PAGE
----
Some students and friends approached Dr. Sarvepalli Radhakrishnan in 1962, the then President of the country and a former academician having stints with University of Calcutta, University of Oxford and Banaras Hindu University, requesting him to allow them to celebrate his birthday falling on September 5. Dr. Radhakrishnan instead opinionated to observe his birthday as the Teachers’ Day, in respect of the contribution of the teaching fraternity and since then we observe 5th September every year as the Teachers’ Day.

Dr. Radhakrishnan believed ‘teachers should be the best minds in the country’.

That was in 1962.

Figures like Dr. Radhakrishnan do inspire even today but what about the teachers of the day?

Do they still inspire? Do they come from among the best minds in the country? Are they motivated enough to build the character of the students?

In a report released on September 3, India fell by 11 places to 71 on Global Competitiveness Index (GCI) released by the World Economic Forum. GCI is an annual report that measures performance in 12 categories including macroeconomic policies, infrastructure, health and primary education and higher education.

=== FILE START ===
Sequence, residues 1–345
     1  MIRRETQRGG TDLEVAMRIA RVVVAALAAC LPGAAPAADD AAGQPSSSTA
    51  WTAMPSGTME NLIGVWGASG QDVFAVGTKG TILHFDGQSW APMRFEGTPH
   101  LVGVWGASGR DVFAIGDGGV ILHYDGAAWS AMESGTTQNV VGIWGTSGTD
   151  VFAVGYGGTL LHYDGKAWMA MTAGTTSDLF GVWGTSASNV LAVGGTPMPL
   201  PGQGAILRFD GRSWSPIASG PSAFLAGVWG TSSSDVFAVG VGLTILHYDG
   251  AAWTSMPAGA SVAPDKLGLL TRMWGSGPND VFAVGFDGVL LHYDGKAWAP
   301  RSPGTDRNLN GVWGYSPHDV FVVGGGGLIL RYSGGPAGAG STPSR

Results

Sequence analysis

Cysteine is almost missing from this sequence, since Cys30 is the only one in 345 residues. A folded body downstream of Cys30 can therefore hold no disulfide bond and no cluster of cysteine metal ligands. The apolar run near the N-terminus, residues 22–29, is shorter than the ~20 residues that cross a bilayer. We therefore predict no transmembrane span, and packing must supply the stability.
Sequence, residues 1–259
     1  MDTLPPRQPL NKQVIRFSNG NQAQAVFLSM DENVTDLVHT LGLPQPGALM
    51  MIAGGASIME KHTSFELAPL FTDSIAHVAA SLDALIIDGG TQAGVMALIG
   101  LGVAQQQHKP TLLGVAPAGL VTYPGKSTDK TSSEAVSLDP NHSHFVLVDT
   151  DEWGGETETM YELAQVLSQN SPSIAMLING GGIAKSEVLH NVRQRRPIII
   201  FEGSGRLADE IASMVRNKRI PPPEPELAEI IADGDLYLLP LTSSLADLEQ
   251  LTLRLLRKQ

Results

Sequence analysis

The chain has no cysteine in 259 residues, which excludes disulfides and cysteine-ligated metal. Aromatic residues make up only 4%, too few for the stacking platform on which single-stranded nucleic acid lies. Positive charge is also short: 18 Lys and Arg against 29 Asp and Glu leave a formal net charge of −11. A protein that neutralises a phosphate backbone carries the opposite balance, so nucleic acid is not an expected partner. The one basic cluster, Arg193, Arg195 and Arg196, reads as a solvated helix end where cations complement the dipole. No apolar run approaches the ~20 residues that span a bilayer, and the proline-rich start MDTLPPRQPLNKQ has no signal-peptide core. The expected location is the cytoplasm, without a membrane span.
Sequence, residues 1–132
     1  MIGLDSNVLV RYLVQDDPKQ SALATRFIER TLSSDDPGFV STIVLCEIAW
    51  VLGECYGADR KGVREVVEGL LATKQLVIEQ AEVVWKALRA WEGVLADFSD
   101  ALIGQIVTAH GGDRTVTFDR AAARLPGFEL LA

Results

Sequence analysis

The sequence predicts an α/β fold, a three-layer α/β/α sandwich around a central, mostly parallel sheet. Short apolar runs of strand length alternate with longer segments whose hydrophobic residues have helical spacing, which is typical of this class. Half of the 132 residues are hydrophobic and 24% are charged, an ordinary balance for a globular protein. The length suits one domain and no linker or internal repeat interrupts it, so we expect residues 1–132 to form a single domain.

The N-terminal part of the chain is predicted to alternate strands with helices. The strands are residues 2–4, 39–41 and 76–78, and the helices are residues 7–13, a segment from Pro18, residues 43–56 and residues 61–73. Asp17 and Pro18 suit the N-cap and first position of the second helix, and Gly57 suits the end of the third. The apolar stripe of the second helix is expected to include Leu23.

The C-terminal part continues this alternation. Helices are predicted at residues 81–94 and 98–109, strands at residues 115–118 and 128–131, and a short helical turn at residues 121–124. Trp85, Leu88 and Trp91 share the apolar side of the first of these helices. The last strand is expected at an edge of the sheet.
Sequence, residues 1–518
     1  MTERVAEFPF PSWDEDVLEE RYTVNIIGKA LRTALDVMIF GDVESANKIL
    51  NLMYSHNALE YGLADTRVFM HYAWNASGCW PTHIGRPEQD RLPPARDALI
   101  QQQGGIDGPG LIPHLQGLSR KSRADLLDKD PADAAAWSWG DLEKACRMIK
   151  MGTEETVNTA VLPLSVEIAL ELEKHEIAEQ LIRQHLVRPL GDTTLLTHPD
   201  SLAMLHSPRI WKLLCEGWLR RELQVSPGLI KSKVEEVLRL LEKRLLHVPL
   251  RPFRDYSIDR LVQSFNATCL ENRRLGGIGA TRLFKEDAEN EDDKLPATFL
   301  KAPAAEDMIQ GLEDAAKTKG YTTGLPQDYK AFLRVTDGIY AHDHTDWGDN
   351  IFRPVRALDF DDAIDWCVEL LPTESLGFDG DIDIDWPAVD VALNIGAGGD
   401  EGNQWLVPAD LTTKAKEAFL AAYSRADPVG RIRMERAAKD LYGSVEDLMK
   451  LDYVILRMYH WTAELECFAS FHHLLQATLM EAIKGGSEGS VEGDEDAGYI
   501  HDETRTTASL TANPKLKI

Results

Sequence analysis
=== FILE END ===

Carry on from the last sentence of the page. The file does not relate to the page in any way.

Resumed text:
India’s rank in ‘heath and primary education’ category is 98 while it is ranked 93 in ‘higher education and training’, but below its overall ranking of 71 that tells us the poor show and neglect of these sectors in the country.

What is behind this sluggish performance? Certainly not ‘the best of the minds and the motivated teaching professionals’!

What ails the teachers in the Indian education system, especially the elementary education that builds the character of the students to prepare them to take the higher challenges?

At elementary and college level, it is not attracting the best of the minds. Let’s see some of the parameters to see the ground reality:

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